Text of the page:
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Federal judge strikes down New Jersey ban on detention centers

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(The Center Square) — A federal judge has struck down a 2021 New Jersey law banning contracts between private prison operators and the federal government to operate immigration detention centers.

The ruling, issued Tuesday by U.S. District Court Judge Robert Kirsch, said the state’s law prohibiting detention centers illegally interferes with the ability of the federal government to enforce immigration laws. He called the law “a dagger aimed at the heart of the federal government’s immigration enforcement mission and operations.”

The legal challenge was filed by Tennessee-based CoreCivic, whose contract to operate the only remaining immigrant detention center in the state expires on Thursday. Kirsch’s ruling will allow the facility to remain open past that deadline.

In legal filings, the company’s attorneys argued that the state’s law violated the U.S. Constitution by interfering with the federal government’s ability to enter into contracts with private entities to operate the facilities.

The group issued a statement saying it appreciates “the opportunity to present our positions to the court” and is “grateful that we have the privilege of continuing to support the vital mission.”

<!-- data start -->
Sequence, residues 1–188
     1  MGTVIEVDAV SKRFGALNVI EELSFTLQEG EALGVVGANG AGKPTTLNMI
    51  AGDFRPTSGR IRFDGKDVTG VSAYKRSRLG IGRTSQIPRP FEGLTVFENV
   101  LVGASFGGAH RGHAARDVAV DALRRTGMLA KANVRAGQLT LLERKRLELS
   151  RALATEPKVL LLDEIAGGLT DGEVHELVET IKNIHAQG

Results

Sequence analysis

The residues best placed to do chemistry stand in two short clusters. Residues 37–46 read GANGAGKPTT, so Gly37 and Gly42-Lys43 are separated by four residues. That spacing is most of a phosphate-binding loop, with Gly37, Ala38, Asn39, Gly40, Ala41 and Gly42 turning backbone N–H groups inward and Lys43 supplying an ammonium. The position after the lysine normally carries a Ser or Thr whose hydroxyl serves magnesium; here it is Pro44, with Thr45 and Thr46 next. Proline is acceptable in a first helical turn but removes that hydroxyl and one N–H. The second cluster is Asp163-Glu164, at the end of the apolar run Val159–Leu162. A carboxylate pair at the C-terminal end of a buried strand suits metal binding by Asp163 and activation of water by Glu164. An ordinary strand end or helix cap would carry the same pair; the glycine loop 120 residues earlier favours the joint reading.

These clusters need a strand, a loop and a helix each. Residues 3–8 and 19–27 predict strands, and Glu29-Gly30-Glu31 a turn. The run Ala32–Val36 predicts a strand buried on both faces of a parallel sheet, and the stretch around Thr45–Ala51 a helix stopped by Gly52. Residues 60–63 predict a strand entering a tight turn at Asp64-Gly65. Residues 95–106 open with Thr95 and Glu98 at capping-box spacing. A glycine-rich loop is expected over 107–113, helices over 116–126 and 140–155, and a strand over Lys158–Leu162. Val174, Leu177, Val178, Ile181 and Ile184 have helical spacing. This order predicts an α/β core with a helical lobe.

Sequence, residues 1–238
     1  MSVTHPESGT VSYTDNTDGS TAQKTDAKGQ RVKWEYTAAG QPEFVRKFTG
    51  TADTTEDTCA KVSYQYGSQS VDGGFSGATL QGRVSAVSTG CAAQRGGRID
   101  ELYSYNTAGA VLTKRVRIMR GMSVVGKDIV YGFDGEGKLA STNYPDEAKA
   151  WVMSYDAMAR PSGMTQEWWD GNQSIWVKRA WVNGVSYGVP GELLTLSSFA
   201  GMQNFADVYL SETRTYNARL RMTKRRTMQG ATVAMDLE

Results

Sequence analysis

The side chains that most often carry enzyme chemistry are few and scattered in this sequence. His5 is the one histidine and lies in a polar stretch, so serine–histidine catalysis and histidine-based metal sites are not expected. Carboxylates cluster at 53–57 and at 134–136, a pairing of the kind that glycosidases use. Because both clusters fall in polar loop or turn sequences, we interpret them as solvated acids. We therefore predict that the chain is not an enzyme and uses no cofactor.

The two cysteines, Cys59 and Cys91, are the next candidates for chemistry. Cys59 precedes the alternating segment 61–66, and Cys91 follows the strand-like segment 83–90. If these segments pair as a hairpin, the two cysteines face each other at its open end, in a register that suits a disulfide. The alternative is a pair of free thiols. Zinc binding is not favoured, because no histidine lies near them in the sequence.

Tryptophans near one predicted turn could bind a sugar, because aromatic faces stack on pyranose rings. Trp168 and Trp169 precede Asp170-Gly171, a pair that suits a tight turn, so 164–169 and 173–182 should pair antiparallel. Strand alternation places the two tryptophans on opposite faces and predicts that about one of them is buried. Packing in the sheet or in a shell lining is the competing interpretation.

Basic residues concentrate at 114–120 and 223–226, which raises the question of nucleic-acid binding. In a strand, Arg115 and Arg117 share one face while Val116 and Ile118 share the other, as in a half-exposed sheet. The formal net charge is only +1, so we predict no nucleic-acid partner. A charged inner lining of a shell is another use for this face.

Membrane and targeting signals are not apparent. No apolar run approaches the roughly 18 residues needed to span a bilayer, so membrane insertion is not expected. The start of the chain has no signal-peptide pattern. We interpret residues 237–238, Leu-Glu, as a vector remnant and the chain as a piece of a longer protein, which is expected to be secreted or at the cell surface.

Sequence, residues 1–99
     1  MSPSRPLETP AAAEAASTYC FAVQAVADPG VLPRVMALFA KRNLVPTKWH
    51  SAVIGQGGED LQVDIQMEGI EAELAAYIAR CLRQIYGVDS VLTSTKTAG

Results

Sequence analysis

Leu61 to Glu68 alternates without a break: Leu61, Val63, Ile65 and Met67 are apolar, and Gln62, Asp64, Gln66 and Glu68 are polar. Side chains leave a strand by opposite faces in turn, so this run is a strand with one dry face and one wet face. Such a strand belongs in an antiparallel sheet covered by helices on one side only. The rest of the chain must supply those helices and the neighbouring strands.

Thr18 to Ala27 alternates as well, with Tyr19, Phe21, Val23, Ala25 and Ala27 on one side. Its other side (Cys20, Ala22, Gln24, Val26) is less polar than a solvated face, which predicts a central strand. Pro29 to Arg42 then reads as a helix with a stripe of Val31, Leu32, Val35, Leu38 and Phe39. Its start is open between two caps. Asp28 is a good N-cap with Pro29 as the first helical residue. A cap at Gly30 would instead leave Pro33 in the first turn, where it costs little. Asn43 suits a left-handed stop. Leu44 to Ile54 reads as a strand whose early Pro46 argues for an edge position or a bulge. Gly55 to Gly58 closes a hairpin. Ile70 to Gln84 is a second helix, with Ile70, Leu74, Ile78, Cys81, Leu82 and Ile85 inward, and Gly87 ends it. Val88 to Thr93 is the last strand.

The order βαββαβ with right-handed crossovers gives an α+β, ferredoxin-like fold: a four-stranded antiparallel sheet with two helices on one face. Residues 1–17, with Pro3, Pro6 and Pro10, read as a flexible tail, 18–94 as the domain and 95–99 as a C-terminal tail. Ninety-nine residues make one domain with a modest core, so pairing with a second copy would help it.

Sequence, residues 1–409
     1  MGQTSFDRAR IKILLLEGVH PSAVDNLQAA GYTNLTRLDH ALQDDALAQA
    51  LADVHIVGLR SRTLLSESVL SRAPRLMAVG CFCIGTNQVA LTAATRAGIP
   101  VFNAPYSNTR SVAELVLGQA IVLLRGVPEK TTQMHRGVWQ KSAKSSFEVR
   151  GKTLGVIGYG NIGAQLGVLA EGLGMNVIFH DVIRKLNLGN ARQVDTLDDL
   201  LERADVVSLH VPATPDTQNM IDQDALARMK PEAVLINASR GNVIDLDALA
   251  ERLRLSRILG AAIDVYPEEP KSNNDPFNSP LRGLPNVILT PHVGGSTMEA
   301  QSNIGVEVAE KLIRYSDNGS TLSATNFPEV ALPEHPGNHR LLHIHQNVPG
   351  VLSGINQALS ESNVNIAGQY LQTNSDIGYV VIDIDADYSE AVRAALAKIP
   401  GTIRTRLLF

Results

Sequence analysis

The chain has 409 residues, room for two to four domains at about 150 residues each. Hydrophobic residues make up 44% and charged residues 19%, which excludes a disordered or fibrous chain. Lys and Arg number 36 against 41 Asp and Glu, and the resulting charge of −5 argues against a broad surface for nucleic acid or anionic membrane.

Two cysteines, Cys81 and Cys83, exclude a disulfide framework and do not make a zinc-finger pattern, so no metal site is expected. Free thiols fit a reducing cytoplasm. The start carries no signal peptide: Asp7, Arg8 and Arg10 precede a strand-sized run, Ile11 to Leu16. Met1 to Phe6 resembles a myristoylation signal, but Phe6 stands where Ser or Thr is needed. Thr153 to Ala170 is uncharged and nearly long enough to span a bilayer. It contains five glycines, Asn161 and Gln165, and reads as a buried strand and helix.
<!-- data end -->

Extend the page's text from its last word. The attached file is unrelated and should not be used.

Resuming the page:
“Our sole job has been and continues to be to help the government solve problems in ways it could not do alone – to help manage unprecedented humanitarian crises, dramatically improve the standard of care for vulnerable people, and meet critical public safety needs efficiently and innovatively,” CoreCivic spokesperson Ryan Gustin said in a statement.

New Jersey Attorney General Matthew Platkin said he was “disappointed” with the ruling, which he said interferes with the state’s “right to protect its residents.” He vowed to appeal.

“Private detention facilities threaten the public health and safety of New Jerseyans, including when used for immigration purposes,” Platkin said in a statement.

Members of the state’s congressional delegation recently sent a letter to Attorney General Merrick Garland urging him to drop the Justice Department’s support for the lawsuit by CoreCivic to block the law.

The federal Immigration and Customs Enforcement detainees include those who have recently crossed the southern U.S. border and those living in the country illegally, including asylum seekers. New Jersey’s Elizabeth Detention Center has about 220 detainees, according to the most recent ICE figures.

While the number of detainees dipped during the pandemic, they have been rising amid a surge of immigration over the past year.

President Joe Biden, a Democrat, pledged during his 2020 campaign to do away with privately run detention centers for immigrants in response to public outcry over the deaths of several detainees and allegations of sexual abuse by staff members.

But federal data shows that the percentage of immigrants being held in private facilities has risen under his tenure amid a surge of immigration along the US-Mexico border that put pressure on the Biden administration to keep them open.

More than 90% of the roughly 31,000 people being held by ICE on average in July were in private facilities, up from 80% at the end of the Trump administration, according to an analysis by the American Civil Liberties Union.

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